It finally happened—me, my husband, a leisurely three hours complete with cocktails, appetizers, good wine, entrees and dessert. And the whole time, not a shrieking baby to be heard. After ten months, we finally, finally had an evening out without a pint-sized chaperone. Bliss.
Stop right there, because I know what you’re thinking: “That baby is 10 months old, and this is the first time she’s been away?!”
Ahem. I work from home, but I moonlight as a kickboxing instructor. So twice a week for 90 minutes since she was about 4 weeks old, I’ve had my much-needed me time. Well, me and a roomful of sweaty friends, but same difference.
But you’re technically right—this was actually only the second time that both my husband and I have left the baby at the same time. I’m her favorite, and I figured I was saving my mom or my in-laws from the trauma that comes from a screaming baby you can’t console. But then we got an invitation to our oldest son’s thank-you brunch in his second grade class. How could we refuse?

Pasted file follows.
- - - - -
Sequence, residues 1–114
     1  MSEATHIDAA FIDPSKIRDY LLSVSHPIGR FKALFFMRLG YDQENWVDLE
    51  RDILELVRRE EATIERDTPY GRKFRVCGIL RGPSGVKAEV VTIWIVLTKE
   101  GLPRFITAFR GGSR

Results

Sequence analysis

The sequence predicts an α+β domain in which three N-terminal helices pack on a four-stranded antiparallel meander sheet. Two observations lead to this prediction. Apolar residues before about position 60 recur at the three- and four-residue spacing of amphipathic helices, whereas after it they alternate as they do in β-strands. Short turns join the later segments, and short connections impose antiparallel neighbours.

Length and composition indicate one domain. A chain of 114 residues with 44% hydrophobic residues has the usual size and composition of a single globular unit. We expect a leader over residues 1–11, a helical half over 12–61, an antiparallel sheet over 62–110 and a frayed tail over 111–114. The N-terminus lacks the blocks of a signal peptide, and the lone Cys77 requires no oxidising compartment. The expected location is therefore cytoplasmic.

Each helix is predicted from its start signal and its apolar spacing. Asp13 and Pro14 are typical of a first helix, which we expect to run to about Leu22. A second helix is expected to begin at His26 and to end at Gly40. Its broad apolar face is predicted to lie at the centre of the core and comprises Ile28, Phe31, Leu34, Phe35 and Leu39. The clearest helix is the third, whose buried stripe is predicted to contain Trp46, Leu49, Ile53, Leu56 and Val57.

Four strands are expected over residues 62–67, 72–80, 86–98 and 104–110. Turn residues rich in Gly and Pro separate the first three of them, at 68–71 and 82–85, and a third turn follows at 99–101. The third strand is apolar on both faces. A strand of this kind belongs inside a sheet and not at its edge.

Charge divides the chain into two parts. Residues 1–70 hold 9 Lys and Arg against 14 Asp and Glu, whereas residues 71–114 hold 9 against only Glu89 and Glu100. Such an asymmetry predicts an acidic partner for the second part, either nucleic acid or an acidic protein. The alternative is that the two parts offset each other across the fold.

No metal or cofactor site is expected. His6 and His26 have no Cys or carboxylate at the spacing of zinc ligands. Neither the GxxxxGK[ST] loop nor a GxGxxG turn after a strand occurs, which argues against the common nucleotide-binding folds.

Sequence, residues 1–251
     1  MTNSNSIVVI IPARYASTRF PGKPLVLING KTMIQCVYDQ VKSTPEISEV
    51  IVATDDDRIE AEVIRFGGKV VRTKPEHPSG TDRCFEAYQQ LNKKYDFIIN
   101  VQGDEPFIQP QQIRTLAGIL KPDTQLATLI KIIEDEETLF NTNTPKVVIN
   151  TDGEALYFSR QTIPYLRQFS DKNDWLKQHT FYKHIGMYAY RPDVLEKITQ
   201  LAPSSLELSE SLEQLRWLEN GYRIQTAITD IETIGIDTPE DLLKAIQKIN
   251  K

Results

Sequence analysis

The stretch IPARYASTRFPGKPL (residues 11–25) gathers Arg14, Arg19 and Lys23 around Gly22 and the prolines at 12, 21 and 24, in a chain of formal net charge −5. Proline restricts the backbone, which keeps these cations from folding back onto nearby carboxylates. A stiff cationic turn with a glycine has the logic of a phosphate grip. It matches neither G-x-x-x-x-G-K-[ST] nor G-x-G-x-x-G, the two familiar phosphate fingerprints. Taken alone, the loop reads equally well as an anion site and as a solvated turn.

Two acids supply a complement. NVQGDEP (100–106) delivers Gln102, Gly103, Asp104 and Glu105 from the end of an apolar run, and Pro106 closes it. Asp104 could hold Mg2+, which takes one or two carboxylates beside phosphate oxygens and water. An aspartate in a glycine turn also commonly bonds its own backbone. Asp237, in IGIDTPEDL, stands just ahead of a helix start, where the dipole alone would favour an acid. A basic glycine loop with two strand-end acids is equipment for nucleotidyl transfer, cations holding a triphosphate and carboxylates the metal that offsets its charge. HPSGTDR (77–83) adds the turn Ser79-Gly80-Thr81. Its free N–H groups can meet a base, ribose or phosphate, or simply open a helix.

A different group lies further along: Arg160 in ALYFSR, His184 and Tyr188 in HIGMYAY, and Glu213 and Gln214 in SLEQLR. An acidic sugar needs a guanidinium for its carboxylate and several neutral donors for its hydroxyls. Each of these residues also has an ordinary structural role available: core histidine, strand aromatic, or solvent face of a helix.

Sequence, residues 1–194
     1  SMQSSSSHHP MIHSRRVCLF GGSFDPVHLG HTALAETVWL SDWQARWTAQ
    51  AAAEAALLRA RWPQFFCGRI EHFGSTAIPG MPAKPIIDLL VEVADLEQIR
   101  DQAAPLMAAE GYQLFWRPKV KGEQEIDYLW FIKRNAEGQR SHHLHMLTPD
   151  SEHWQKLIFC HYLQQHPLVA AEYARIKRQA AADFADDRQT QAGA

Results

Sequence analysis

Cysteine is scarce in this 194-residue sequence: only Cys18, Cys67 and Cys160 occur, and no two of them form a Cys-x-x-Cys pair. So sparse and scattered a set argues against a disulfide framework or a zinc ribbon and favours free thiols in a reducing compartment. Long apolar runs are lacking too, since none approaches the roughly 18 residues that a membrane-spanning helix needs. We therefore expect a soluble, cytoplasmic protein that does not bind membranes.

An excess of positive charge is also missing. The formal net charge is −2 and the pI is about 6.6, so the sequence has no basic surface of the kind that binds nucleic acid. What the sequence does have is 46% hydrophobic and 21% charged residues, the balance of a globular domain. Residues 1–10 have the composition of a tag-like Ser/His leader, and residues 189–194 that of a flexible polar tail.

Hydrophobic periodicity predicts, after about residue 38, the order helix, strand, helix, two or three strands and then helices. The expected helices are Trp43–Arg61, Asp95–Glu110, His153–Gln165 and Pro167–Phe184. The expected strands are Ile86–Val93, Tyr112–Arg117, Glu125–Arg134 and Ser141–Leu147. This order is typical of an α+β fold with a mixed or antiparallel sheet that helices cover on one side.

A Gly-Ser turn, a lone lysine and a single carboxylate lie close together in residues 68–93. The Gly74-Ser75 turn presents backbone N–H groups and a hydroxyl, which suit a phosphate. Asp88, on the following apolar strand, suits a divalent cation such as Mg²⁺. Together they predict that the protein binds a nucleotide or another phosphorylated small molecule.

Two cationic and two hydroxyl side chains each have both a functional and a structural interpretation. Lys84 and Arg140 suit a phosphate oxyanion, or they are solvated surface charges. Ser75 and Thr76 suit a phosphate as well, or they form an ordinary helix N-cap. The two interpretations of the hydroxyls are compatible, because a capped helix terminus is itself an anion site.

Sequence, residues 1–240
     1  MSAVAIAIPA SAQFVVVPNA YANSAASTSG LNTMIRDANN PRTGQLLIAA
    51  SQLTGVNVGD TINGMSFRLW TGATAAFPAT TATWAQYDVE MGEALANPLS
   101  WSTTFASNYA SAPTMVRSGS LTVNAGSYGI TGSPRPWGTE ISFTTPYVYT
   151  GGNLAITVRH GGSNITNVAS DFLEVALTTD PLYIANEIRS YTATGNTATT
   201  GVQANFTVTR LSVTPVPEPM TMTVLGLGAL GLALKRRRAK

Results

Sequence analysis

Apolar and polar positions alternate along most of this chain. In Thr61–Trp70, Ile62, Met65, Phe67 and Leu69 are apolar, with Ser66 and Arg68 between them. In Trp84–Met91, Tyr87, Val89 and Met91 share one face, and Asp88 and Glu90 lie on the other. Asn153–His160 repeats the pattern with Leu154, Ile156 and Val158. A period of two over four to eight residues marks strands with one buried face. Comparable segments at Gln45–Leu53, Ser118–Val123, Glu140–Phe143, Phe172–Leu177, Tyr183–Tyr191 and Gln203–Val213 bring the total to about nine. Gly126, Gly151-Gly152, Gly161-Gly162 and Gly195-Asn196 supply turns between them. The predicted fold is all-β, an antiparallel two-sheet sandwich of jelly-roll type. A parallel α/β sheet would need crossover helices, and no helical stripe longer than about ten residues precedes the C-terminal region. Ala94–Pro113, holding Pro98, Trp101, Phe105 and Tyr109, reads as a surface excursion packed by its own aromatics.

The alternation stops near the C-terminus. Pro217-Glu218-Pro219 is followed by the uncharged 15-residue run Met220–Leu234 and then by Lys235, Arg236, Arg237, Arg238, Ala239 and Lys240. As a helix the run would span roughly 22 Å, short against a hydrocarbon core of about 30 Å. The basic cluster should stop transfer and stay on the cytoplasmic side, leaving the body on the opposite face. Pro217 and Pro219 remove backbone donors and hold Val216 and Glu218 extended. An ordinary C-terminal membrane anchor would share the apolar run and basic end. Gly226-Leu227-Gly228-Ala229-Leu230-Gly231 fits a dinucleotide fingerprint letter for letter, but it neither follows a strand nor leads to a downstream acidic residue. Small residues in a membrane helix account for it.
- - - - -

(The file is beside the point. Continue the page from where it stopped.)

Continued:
I left my napping baby and her big brother with my mother and hightailed it out the door. When I returned about an hour later, I got a full debriefing: She woke up just as I was leaving and cried for about 15 minutes. Then she got over it, and they all went upstairs to the playroom. She was happily eating yogurt when I got home, like it was no big. Immediately, I made reservations at an incredible local restaurant. Let’s keep a good thing going, right?
In deference to the witching hour, I made reservations for an early—like geriatric early—dinner. We got there before the dining room even opened (we were giddy with freedom, clearly), but guess what! It was no problem. We just sat in the lovely paneled bar and ordered appetizers and cocktails. No stressing about missing our “window” (parental code for the time limit on our kids’ good behavior), no scanning the menu for kid-friendly foods. When we finally moved to the dining room, we were seated in a cozy booth for two. For two! There were no emergency potty breaks, no one spilled their water, and no one crawled under the table. Just two grown-ups eating grown-up food with grown-up beverages and enjoying grown-up conversation.
When we got home, it was still early, but the baby was already asleep. The other three had their bags packed for a sleepover at their grandparents’ house. We waved them off and talked about watching a movie, but the allure of an early bedtime was too great. I guess all that freedom went to our heads.